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Kraft Foods' big split: An instant guide
The Goliath of packaged foods will cleave its company in two — impulse snack foods to the left, grocery-store staples to the right
 
Boxes of Kraft Macaroni & Cheese line a Los Angeles grocery store shelf: The food company is splitting into two publicly traded companies.
Boxes of Kraft Macaroni & Cheese line a Los Angeles grocery store shelf: The food company is splitting into two publicly traded companies.
Kevork Djansezian/Getty Images

Oreos and Easy Mac are getting a divorce. That's how Steve Schaefer at Forbes explains Thursday's decision by pantry-stocking juggernaut Kraft Foods to split into two different companies. Why is the company breaking up? Here, a brief guide:

What's going on here?
Kraft says it has diverging goals for its many, many brands — among them, snacks like Cadbury and Trident, and grocery-store mainstays like Oscar Meyer and Maxwell House. So the company is splitting into two publicly traded companies. One will focus on pushing snack foods in rapidly expanding emerging global markets, says Duane D. Stanford at Bloomberg. The other will be a North American grocery business, which will manage Philadelphia cream cheese, Jell-O and other premium household names.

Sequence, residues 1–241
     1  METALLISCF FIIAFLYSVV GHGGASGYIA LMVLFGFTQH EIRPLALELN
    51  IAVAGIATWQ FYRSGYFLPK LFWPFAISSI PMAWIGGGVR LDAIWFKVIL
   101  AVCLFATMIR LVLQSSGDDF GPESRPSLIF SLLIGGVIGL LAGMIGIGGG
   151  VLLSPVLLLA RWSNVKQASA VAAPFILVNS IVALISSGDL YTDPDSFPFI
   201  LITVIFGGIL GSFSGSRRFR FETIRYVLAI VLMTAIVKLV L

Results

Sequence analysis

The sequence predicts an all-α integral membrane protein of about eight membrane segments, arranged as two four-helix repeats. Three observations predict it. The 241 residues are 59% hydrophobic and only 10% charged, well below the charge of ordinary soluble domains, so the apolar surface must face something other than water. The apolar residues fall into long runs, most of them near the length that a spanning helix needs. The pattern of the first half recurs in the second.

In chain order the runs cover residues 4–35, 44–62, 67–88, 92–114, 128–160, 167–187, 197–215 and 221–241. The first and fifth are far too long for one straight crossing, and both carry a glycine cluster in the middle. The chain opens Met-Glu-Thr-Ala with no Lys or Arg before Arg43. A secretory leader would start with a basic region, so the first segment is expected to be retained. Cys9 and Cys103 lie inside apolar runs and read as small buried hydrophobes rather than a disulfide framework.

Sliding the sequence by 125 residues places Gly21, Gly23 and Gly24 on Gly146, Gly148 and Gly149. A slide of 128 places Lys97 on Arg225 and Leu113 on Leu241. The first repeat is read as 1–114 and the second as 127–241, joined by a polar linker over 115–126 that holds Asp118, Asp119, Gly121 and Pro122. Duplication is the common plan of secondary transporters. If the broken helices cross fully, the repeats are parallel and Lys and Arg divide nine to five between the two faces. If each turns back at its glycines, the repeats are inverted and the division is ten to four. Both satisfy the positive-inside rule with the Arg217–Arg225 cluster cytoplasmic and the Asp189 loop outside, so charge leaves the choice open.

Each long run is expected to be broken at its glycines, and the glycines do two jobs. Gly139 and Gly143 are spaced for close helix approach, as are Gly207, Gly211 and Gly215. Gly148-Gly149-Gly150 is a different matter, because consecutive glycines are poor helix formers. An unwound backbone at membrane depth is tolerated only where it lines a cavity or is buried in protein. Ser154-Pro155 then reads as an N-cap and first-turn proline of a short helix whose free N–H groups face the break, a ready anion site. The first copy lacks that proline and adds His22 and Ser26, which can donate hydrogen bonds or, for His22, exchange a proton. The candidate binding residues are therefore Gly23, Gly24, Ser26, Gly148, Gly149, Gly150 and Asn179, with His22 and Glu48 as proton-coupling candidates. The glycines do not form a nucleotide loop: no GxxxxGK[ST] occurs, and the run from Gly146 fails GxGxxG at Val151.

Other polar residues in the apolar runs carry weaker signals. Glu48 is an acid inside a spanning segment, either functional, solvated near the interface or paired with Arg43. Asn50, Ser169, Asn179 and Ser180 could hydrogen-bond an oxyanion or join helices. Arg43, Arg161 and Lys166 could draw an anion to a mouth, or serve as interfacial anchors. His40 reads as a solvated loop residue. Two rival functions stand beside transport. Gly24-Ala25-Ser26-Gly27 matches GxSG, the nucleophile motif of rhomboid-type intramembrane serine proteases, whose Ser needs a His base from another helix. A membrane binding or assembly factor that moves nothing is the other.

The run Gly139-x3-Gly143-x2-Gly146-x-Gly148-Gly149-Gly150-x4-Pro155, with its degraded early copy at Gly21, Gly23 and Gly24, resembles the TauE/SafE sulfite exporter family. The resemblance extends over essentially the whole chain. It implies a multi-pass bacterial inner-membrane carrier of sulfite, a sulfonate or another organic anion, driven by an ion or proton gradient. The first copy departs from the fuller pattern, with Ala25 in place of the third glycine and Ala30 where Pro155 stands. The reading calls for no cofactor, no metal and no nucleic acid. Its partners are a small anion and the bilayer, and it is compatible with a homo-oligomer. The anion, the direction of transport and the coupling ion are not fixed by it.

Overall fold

What's fueling the decision?
The split confirms that "growth in the U.S. is slow and getting slower," says Schaefer, while emerging markets continue to grow at a rapid pace. By splitting the company, Kraft can continue to market its Oreos, Cadbury chocolates, and other snack foods in international emerging markets where the company has begun building a "global snacking platform." And spinning off grocery-store brands into a separate company will allow Kraft to concentrate on keeping its iconic products at a "price premium," which would keep Kraft "humming even in times of mediocre growth."

How big will each company be?
The "growth-challenged" grocery entity will account for about $16 billion in annual revenue, says Rob Cox at Reuters. The global snacks business will be twice as big, with about $32 million in revenue, three-quarters of which comes from outside the United States.

And this is a good idea?
Seems like it. This same strategy worked well for Sara Lee Corp. and Fortune Brands earlier this year. And for Kraft, the two companies will no longer be competing for marketing and distribution resources, as each will have its own budget. Wall Street seems to like the plan: News of the breakup sent Kraft shares climbing on Thursday.

Sources: Ad Age, Bloomberg, Forbes, Reuters

 

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